A coating is a very thin layer placed on top of a BSDF. Because coatings are so thin, they produce an effect called thin film interference, which breaks up the light and can cause a rainbow-like pattern. Think for example of spilling a drop of oil on a surface of water. The very thin layer of oil will create interference patterns on the water. Coatings can also be used to create rough materials with a clear coating. For example, a glossy white plastic can be made combining a diffuse BSDF with a coating.
A coating over a white diffuse surface.
A coating alone (disabling the BSDF) can be used to recreate a bubble.
The main property of a coating is its thickness. The thickness is specified in nanometers (nm). Thickness can be specified by a numerical value or through a weight map. If you use a map you can define a range of values among which the thickness will vary. Black in the texture represents the minimum thickness set below and white represents maximum value.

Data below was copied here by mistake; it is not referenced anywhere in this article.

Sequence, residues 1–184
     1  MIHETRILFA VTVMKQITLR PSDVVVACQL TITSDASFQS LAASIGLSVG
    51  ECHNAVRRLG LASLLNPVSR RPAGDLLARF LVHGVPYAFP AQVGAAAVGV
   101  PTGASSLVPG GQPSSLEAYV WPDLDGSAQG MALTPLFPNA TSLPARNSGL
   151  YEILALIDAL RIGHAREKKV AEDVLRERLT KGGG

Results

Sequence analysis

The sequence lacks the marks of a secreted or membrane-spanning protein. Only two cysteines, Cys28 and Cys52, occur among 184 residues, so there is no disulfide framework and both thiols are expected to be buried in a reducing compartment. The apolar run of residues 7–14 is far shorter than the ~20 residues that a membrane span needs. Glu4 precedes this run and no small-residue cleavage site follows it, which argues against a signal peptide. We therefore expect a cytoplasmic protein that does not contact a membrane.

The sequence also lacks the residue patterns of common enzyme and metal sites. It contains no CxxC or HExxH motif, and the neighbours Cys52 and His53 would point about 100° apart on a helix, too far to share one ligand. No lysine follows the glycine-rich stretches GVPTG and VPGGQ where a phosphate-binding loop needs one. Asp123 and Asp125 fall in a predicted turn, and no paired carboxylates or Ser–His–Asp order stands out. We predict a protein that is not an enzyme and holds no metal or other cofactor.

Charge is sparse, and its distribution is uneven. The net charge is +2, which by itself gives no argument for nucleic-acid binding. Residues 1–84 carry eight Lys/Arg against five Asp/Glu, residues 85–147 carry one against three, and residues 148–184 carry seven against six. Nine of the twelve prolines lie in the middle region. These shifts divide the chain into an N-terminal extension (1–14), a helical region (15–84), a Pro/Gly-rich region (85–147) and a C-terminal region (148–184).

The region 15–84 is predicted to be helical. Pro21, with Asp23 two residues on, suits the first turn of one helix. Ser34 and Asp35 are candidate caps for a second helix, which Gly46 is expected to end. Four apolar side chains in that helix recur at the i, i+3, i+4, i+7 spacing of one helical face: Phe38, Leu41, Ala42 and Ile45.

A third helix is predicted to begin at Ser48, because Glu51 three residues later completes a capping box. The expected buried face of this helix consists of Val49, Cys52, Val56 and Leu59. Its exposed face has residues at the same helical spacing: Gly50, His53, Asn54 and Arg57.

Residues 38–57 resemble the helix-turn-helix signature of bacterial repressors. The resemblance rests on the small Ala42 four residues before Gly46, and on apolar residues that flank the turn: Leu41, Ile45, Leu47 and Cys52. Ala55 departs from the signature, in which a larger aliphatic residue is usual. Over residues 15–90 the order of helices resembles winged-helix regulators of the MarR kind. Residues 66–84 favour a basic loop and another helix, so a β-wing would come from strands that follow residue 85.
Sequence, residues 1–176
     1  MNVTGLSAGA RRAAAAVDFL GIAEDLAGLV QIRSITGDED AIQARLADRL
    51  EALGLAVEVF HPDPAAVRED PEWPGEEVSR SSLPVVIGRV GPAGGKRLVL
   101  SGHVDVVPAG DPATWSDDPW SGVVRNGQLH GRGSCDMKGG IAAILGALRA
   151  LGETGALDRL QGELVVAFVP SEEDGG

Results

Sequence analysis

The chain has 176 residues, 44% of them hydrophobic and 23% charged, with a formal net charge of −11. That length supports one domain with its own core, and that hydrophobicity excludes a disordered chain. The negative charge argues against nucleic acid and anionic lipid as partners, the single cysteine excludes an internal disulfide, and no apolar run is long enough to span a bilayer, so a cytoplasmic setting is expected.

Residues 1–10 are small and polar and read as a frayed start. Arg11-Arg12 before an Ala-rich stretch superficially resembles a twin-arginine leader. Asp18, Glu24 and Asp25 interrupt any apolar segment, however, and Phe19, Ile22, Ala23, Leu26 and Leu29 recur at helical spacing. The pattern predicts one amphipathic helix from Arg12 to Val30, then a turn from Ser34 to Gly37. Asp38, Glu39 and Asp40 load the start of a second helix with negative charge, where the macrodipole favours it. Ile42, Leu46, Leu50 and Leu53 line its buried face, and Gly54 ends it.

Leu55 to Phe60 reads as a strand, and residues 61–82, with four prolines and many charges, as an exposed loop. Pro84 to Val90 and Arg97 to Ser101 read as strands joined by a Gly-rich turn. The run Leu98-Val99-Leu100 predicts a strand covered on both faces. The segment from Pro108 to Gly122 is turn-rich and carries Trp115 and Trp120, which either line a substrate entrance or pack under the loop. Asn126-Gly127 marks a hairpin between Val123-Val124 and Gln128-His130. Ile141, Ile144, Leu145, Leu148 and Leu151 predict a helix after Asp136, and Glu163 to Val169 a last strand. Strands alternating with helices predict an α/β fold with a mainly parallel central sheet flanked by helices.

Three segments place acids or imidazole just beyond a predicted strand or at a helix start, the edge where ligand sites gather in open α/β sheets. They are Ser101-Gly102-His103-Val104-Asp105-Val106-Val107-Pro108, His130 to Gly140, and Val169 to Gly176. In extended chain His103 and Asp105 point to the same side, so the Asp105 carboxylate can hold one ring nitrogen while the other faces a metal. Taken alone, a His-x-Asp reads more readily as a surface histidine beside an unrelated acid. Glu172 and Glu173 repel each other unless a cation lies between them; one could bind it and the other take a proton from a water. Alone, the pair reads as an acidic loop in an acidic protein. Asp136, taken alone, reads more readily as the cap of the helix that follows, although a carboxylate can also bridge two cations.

Maxwell color output when using a gradient (from black on the left to white on the right) on a coating with thickness set from 1 to 1000nm over a plane with a black BSDF
This is the material used to get the image above; please click on it to download the mxm file.
To avoid interference coloring, you should use higher thickness values such as 1 mm (1000000 nm).
Only one coating is allowed per BSDF. You can make a material using just a coating and no BSDF, for example to create a bubble material. To do this, add a coating, right-clicking on the BSDF component > Add Coating, and then simply hide the BSDF clicking in the visibility column in the layer list to disable it.